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Ed Rust, proprietor of, has worked in publishing in a variety of capacities for decades. He started as U.S. circulation director of the Financial Times "way back when they flew the papers into Kennedy Airport from London a day late." He most recently was managing editor of publications at the General Society, Sons of the Revolution.

Monday, October 02, 2006

TRACE: Trendy Transculturalism

Multicultural glam and glitz are the spicy main ingredients in Trace, an ambitious glossy published eight times a year from an address on Broome Street in lower Manhattan.

In a recent issue editor-in-chief Claude Grunitsky noted that "the last time Mary J. Blige was on our cover, back in the spring of 1997, the magazine was being published out of a dark, underheated basement below my bedroom, on London's Clerkenwall Road."

Trace has come a long way from those humble beginnings, and seems to have found a happy headquarters in the USA, land of hip-hop, celebrity worship and pots of money to be found in unlikely places, although it still publishes a UK edition. And Trace pointedly eschews the term "multicultural," preferring "transcultural."

A typical Trace portrait is that of Rachel Roy―no, not the cooking queen, that's Rachael Ray―who attained celeb status because of her marriage to Roc-A-Fella Records CEO Damon Dash, and who has become a fashion designer with hubby's Rocawear line. That she's gorgeous and grew up in modest circumstances in northern California of mixed Dutch-Asian Indian parentage all count for points with Trace, which is clearly impressed with her loyalty to her hip-hop mogul husband despite his numerous well-publicized affairs, including one with the late singer Aaliyah.

Most of the articles in Trace seem to be written by the music editor, Omar "Calabash" Dubois, a master of murky language with attitude. A random example from the cover story: "Mary J.
Blige has always lived a movie―she's never lived by rules. (Go do the research.)" I always thought it was up to the writer, not the reader, to do the research.

Despite my own attitude regarding "Calabash," he did write a piece in the issue that I enjoyed. Titled "Booster's Redemption," it tells of how back in late 1980s Brooklyn the Brownsville-based Polo USA (United Shoplifters Association) joined forces with the Ralphie Kids from Crown Heights to form The Lo-Lifes, who made the shoplifting of trendy clothing items an art form. Simultaneously, current rap singer/producer Taz Arnold began doing the same thing in Los Angeles, and he had a similar fixation on Polo wear:

"…you had a lotta cats who were into the Polo game but really weren't boosters," says Taz, rolling his eyes. "They bought their way into being fly. You had people spending thousands of dollars―breaking their neck at a FedEx spot!―just to be dressed head to toe in Polo. We looked at them as suckers, like: 'You paid for that?? I would never have paid for that! You're a clown! You're breaking your neck trying to be me when I'm being me for free! You're doing this shit just to get some pussy, I'm doing this shit because I'm passionate about it!' I was the number one Polo Booster: God of Polo from '88-'98."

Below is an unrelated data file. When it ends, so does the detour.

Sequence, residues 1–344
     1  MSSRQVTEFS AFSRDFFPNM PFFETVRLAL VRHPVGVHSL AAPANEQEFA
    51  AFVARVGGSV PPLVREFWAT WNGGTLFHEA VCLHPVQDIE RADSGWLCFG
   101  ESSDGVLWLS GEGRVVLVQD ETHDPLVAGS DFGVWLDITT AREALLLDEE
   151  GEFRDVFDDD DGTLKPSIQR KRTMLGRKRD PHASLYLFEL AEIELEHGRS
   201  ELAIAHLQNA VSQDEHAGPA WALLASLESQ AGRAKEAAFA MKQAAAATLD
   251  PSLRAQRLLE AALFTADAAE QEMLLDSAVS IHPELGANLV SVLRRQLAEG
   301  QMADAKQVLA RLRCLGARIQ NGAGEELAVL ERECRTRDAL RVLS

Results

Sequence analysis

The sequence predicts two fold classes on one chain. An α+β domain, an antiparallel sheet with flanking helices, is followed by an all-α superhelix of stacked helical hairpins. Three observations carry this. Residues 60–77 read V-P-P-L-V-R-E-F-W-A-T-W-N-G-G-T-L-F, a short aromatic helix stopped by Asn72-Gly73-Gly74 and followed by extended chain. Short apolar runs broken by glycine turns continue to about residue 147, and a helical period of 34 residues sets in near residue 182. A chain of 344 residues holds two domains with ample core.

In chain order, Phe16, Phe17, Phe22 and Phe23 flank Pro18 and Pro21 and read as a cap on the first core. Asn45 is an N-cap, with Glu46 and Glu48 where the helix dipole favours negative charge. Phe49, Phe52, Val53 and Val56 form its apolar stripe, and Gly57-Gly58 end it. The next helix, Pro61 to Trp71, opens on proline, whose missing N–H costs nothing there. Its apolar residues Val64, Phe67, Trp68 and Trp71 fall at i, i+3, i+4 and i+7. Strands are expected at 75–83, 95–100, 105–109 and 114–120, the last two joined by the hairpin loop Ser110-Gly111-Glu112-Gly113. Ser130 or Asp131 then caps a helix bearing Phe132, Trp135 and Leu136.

The photos of fashionable young transculturals in Trace are frequent, large and well-crafted, and you'll also encounter a number of short items about pricey products such as Jhung Yuro's $300-plus walking shoes and rapper 50 Cent's line of G-Unit watches that includes the world's first MP3 timepiece, with a capacity of 240 songs.

Is there an undercurrent of satire in this rich and tasty stew of ritz and Ritz crackers? My surviving brain cells were scrambled by a very short essay called "Luxe for Life" that I encountered on page 79. It's by the magazine's editor at large, Stephen Greco, and I'll give you all of it:

Is there any concept evolving faster than luxury? Old definitions of prestige, comfort and extravagance are fast eroding, along with a host of outmoded notions about class and value. New personal agendas in the realm of aspiration, fantasy and desire―and fresh individual strategies meant to transform them into reality―have made today's luxury more self-referential than ever before. It's not so much about being "better" than other people, but surpassing (and surprising!) yourself.

In fact, as we wanted to show in this issue, luxury now is more spiritual than ever―whether it's about reclaiming the standards of life that have diminished since the Industrial Revolution (privacy, harmony with the planet, etc.) or setting new standards for the future, as Grace Jones and the others in this issue are doing, with bad-ass, go-for-it, luxe-for-life optimism…
While Trace publishes eight issues a year, I can't find any info in the magazine about whether you can subscribe (if you can find a copy at a newsstand, you'll pay $5.99). Of course, we'll be happy to send you a sample copy for $2.59.


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